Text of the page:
- The breadth of equity sector participation and leadership has widened out considerably. Through the summer months and early fall, equity market leadership was concentrated mainly within the Information Technology sector, and specifically within a few large names. Now we are seeing Industrials, Materials, Communication Services, Health Care, and even Financials participate more robustly. We view this broadening as a healthy and positive sign.
- In the days following the election, the trade-weighted U.S. dollar dropped to a new two-year low. A falling U.S. dollar is good for multinational companies that generate sizable portions of their earnings from overseas.
- More stimulus is likely coming, even possibly before year-end. Senate Majority Leader Mitch McConnell has indicated support for a package prior to year-end and may be willing to concede on previous negotiation sticking points like state and local government aid. Markets would likely receive this well, even if the total package is smaller than originally anticipated under a “blue wave” scenario.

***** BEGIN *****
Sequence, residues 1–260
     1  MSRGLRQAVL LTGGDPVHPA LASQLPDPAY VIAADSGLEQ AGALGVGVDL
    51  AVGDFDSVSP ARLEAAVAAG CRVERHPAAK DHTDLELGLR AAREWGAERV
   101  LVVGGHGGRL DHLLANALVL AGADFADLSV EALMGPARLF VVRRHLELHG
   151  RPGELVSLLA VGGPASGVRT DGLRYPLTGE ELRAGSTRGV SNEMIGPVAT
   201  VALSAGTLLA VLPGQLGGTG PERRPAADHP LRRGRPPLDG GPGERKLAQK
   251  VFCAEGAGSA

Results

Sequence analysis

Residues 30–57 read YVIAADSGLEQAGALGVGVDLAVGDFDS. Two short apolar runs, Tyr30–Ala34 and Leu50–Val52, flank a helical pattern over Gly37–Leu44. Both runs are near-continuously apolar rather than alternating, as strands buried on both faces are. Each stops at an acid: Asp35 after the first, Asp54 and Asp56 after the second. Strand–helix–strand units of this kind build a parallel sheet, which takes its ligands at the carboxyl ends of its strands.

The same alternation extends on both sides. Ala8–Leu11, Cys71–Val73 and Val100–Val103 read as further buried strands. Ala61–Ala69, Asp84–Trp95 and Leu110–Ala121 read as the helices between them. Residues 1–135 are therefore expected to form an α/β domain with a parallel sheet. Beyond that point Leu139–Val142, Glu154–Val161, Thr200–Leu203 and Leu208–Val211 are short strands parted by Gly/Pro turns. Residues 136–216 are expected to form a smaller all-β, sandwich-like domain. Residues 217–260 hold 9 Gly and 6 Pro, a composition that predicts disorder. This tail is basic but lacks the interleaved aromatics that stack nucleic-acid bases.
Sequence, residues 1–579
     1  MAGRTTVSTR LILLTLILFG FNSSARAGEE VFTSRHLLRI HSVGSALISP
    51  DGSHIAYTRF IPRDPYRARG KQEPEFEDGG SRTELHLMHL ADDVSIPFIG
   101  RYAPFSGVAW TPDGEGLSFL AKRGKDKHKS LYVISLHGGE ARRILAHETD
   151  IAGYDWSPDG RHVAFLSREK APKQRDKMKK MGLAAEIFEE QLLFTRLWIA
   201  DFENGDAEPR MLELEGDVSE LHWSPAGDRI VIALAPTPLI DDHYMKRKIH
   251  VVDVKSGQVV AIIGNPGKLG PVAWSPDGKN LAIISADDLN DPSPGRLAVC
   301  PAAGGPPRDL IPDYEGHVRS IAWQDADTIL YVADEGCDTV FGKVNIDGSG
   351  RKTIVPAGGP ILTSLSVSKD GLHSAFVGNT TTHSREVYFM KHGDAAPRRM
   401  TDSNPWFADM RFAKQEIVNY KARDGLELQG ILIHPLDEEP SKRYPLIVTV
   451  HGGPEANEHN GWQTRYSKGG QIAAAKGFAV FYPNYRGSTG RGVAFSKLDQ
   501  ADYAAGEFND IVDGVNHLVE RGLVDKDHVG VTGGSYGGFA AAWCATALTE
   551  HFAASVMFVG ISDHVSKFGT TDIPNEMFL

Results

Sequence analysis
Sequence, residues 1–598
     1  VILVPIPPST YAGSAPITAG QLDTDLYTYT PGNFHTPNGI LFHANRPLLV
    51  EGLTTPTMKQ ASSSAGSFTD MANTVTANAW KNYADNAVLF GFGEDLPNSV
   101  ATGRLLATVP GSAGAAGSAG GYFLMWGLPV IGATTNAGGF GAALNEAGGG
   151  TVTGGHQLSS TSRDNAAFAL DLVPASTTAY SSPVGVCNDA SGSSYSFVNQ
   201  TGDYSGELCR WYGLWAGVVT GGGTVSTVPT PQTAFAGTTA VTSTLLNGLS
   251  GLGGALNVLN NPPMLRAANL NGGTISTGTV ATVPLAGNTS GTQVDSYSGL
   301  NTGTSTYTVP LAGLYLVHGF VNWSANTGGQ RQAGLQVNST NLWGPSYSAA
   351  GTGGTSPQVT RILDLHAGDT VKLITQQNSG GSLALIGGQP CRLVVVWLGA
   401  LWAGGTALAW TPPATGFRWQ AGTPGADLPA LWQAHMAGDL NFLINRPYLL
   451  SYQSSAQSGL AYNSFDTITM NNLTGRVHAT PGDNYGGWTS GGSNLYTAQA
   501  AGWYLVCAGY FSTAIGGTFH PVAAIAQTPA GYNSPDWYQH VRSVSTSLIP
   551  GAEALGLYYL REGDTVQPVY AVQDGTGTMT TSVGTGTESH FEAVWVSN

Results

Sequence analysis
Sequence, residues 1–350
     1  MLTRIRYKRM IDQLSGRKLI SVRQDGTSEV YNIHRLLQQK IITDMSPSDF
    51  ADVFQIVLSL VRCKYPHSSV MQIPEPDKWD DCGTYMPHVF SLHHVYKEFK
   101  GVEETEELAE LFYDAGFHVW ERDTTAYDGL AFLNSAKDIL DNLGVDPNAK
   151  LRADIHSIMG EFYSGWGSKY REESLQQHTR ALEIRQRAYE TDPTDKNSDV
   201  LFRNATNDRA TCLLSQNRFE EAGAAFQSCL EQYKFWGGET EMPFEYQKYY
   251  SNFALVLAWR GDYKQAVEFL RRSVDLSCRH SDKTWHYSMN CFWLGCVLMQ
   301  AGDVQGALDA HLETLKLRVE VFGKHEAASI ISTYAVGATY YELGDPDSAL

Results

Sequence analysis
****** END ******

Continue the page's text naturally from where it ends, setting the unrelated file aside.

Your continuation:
- The Federal Reserve (Fed) indicated at its November meeting that it stands at the ready for more monetary support as needed. This may come as early as December with an increase in the amount of Fed bond purchases from the current $120 billion per month. A continued supportive Fed has interest rates contained, credit spreads narrowing, and fixed-income volatility falling. All good signs for bond investors as demand for fixed income remains strong.
- Prospects for a divided government have markets feeling better about the possibility of smaller tax increases and less regulatory burden than expected for the Information Technology, Health Care, and Financials sectors.
- Third-quarter earnings, largely overshadowed by election headlines and spiking COVID-19 infection rates, have been nothing short of stellar. As the earnings season winds down, the S&P 500 has recorded one of the highest percentage beats in over a decade at 85% and trounced consensus expectations from the beginning of the reporting season by almost 20%.